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    ABSTRACT: PurposeTo describe temporal trends in the epidemiology, clinical management and outcome of candidemia in intensive care unit (ICU) patients.MethodsThis study was a retrospective analysis of 1,392 episodes of candidemia in 647 adult ICU patients from 22 Brazilian hospitals. The characteristics of candidemia in these ICU patients were compared in two periods (2003–2007, period 1; 2008–2012, period 2), and the predictors of 30-day mortality were assessed.ResultsThe proportion of patients who developed candidemia while in the ICU increased from 44 % in period 1 to 50.9 % in period 2 (p = 0.01). Prior exposure to fluconazole before candidemia (22.3 vs. 11.6 %, p < 0.001) and fungemia due to Candida glabrata (13.1 vs. 7.8 %, p = 0.03) were more frequent in period 2, as was the proportion of patients receiving an echinocandin as primary therapy (18.0 vs. 5.9 %, p < 0.001). The 30-day mortality rate decreased from 76.4 % in period 1 to 60.8 % in period 2 (p < 0.001). Predictors of 30-day mortality by multivariate analysis were older age, period 1, treatment with corticosteroids and higher APACHE II score, while treatment with an echinocandin were associated with a higher probability of survival. ConclusionsWe found a clear change in the epidemiology and clinical management of candidemia in ICU patients over the 9-year period of the study. The use of echinocandins as primary therapy for candidemia appears to be associated with better outcomes.
    Intensive Care Medicine 08/2014; 40(10). DOI:10.1007/s00134-014-3400-y · 5.54 Impact Factor
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    ABSTRACT: Background The elderly patients affected by candidemia are growing in proportion to inpatients, but available data are limited. We aimed to determine the epidemiology, antifungal management and clinical risk factors of death in the elderly population with candidemia in China.Methods This retrospective study included 63 elderly (¿65 years) and 84 younger patients (16¿60 years) at 4 tertiary hospitals. Multivariable logistic regression model was used to identify independent risk factors of death in elderly patients.ResultsThe distribution of Candida species did not differ between elderly and younger patients (p >0.05). Resistance to fluconazole and voriconazole for non-Candida albicans species in elderly patients was approximately double that in younger patients. Host-related risk factors (e.g., underlying solid tumour, diabetes mellitus and chronic renal failure) and hospital-related factors (e.g., prior stay in an intensive care unit, mechanical ventilation, central vascular and urethral catheters placement) were identified more common in elderly patients. Elderly patients less often received triazoles and were less likely to receive antifungal therapies mostly because elderly or their guardians quit antifungal therapies. APACHE II scores and 30-day mortality were higher for elderly than younger patients (31.7% vs. 16.7%, p =0.032). For elderly patients, antifungal therapy administered before microbiological documentation was the only protective factor for death, whereas absence of antifungal therapies, receipt of mechanical ventilation and APACHE II score ¿20 were independent predictors of death.Conclusions Elderly patients with candidemia had poor prognoses characterized by certain host and hospital-related risk factors and special pathogen resistance features. More awareness of the burden of this disease is required, and the absence of antifungal therapies should be avoided to improve the prognoses of elderly patients with this severe infection.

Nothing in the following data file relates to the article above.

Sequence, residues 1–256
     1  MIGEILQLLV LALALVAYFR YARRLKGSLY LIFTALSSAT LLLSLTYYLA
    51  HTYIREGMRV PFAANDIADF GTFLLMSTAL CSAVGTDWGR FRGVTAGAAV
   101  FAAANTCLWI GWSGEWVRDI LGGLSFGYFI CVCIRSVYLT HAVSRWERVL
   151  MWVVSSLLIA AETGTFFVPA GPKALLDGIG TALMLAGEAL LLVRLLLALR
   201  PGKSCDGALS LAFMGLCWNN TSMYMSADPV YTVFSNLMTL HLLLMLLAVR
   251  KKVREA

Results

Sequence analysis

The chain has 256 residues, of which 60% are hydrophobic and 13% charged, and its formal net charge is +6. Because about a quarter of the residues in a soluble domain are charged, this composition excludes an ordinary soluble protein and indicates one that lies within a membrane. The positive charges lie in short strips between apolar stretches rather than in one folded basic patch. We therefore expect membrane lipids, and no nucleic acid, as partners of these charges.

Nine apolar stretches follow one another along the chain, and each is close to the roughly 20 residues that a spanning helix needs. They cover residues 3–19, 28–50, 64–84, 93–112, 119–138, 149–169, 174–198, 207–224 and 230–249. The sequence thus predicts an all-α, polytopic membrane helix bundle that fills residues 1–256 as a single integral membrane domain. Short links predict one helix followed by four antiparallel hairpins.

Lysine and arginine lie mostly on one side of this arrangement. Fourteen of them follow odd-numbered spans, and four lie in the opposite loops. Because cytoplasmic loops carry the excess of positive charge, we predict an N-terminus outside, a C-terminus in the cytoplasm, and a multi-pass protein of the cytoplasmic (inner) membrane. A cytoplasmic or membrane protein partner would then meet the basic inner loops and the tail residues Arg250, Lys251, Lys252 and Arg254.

BMC Infectious Diseases 11/2014; 14(1):609. DOI:10.1186/s12879-014-0609-x · 2.56 Impact Factor